World of Souls Chapter 6: Downtime

Elinog was starting to get used to his new legs and was able to start working on maintenance with Janine. He was a little slower with only one set of arms, but he was working through it.

“Janine, can you hand me a crescent wrench? I don’t seem to have the right size wrench.”

There was a rustling sound and then Janine passed the tool to Elinog. “There, hon. Do you need me to work on anything else?”

“No, unless you want to start testing sub-systems. Nothing else is in need of repairs now.”

“Hey, I finished growing another batch of skin. Do you want to get it applied tonight?”

The sound of a bolt tightening echoed out of the crawl space. “Got it! What did you ask? A skin patch?”

“Yeah, do you want it applied tonight?”

“Well, I’ve got nothing better to do. Sometimes I think it’s better not to have them until I’m used to this, though. These legs bang around a lot.” There was a dull thud. “Ow. See?”

Janine chuckled. “That’s what the skin’s for. To help you get better control over them.”

“Right. Sure. Let’s do that tonight.” Elinog inched backwards out of the crawlspace. “Maybe until then we can work on those replacements for my lower arms. I’m getting some phantom pain.”

Janine’s large eyes rolled. “I gave you meds for that.”

Pulling himself out of the crawlspace the rest of the way Elinog nodded to her. “Yeah, but at the rate you prescribed them we’re going to run out.”

“The fungus is growing fine for now.”

“Right, but once we get to where we can’t cut off more I’ll go cold turkey. I’d rather ween off now.”

Janine nodded. “Makes sense, I’m just worried about you.”

– – –

Now that Blavet’s ribs were healed Allie let him fly while she and AB-775 worked on cleaning up the signal. It had major distortion and with every pass they found they had filtered out something from the signal and had to start over sections.

Allie climbed the ladder into the cockpit. “So, cap, you haven’t impacted any warp-stuff. I’m proud of you.”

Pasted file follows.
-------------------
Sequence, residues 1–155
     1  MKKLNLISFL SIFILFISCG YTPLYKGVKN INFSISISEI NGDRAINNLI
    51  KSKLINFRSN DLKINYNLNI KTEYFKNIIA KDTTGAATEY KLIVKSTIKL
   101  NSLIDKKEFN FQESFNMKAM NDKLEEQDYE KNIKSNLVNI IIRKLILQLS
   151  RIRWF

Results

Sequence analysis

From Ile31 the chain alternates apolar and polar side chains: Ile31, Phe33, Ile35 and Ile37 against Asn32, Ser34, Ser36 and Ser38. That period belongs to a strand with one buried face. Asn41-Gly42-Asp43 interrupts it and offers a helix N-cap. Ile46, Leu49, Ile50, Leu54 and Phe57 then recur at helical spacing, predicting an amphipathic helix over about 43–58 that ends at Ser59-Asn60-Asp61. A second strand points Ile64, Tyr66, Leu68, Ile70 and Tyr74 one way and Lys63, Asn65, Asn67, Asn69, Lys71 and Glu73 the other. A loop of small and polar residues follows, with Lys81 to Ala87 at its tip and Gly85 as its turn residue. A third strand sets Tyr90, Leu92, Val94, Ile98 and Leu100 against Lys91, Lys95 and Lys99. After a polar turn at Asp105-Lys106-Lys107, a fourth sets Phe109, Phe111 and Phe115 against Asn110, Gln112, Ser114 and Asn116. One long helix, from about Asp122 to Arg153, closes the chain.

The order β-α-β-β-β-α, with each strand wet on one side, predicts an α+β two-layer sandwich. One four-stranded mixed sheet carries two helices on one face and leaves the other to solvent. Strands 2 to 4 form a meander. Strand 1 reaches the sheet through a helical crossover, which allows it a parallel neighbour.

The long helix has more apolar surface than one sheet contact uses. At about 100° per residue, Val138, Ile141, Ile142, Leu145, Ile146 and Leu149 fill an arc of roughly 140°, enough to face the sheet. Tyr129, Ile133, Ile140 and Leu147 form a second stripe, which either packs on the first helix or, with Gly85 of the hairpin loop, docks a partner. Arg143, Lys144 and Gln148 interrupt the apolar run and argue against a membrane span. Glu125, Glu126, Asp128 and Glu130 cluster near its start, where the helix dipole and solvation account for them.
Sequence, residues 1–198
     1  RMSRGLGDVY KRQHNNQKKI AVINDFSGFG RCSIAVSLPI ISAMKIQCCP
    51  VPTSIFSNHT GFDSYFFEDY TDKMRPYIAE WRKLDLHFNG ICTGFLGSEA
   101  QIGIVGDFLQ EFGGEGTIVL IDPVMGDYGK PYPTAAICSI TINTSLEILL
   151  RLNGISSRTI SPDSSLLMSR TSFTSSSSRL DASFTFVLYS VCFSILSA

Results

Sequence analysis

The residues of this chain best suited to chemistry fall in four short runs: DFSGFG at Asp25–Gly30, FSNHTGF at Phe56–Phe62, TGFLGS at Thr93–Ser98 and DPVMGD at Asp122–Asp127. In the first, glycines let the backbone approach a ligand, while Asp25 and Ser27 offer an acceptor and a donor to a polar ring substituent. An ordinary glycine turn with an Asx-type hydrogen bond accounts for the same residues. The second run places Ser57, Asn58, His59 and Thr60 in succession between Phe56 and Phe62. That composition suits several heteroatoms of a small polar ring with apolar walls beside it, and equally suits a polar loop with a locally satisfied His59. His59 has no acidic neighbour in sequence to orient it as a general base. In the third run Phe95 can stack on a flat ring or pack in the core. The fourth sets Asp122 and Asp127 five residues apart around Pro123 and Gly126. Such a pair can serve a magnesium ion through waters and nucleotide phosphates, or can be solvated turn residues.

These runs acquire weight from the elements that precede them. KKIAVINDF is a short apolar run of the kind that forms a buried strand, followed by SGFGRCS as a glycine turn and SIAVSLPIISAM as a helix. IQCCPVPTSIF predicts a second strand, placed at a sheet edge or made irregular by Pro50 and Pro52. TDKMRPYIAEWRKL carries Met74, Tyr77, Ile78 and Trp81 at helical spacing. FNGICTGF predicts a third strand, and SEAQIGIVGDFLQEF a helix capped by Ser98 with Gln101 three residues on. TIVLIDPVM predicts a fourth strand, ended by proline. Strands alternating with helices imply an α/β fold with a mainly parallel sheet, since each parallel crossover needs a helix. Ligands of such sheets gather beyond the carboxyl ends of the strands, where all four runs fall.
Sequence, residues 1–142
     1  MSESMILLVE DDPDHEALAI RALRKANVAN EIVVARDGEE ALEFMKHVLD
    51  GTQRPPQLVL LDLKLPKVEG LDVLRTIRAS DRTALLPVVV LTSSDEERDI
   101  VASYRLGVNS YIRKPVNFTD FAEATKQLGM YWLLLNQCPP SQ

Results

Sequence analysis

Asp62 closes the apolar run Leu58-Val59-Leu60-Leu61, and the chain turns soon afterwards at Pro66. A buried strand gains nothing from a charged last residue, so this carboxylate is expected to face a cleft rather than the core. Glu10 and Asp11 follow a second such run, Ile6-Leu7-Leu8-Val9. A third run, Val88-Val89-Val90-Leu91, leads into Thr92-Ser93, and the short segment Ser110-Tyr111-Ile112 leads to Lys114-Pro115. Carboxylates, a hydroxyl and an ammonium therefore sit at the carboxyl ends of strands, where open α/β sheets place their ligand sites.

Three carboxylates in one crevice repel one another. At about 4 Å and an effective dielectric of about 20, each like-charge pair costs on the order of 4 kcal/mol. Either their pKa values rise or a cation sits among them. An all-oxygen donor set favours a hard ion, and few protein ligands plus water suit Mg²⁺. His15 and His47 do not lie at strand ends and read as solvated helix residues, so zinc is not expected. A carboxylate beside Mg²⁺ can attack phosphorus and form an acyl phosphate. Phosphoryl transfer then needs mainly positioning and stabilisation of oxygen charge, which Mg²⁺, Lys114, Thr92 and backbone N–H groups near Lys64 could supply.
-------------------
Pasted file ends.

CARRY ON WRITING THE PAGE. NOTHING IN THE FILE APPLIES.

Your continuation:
“Still want to try flying through one of these clouds, though. Have you and AB-775 found anything interesting yet?”

“Interesting, yes. Intelligible, not yet.” Allie sat in the co-pilot’s seat and leaned back. “So, Elinog seems to be doing quite well.”

“Yeah, thanks to Janine. I’m glad that zarx recommended her back on the station.”

“I wish one of them would take a shift at the controls, though. I want some time with you, too.” Allie flipped the controls over to her console. “Go take a break. Bring me a coffee pod back, too.”

Blavet stood and stretched. His short tail still felt wrong. “Maybe once Elinog has his arms Janine can outfit me with a tail extension. Feels wrong to be so short.”

“I don’t think we have enough parts on the ship for that. It’s a different thing than arms. Requires a lot of motors and joints.” Allie cocked her head. “During your break maybe you can listen to the signal AB-775 and I worked out so far. He doesn’t have thaumatish in his languages, and I really don’t know much of it.”

“Is it in thaumatish?”

“It’s in some language we don’t know. It’s worth a shot. Now go get me that coffee pod.”

“Yes, ma’am.” Blavet started climbing down the ladder. “Wait, when did you become Captain?”

“When we started dating.”

“Oh, right.”

– – –

AB-775 sat in the corner of the cargo bay near a console, crunching data. The screen showed several languages rushing across it. Each in turned red and disappeared from the screen. At the top a readout read: Languages Tested: 98, Approximate Matches: 0

“AB,” Blavet approached from the corridor, “how’s the search going.”

AB-775’s cameras lit up and he stood up. “Ah, Captain. I’m using the ship’s language database. Haven’t found any matches yet.”

“Let me listen to the transmission. Allie thinks I might know the language.” Blavet pull earbuds from a pocket and plugged them into the console’s sound port.

“If it’s in the database I’ll be able to pick it out.”

Blavet shook his head. “There’s a couple languages in my head that aren’t in the database. Trust me.”

“Okay, Cap. Feeding it in. I’ll have it on low volume, tell me if it needs to go up.”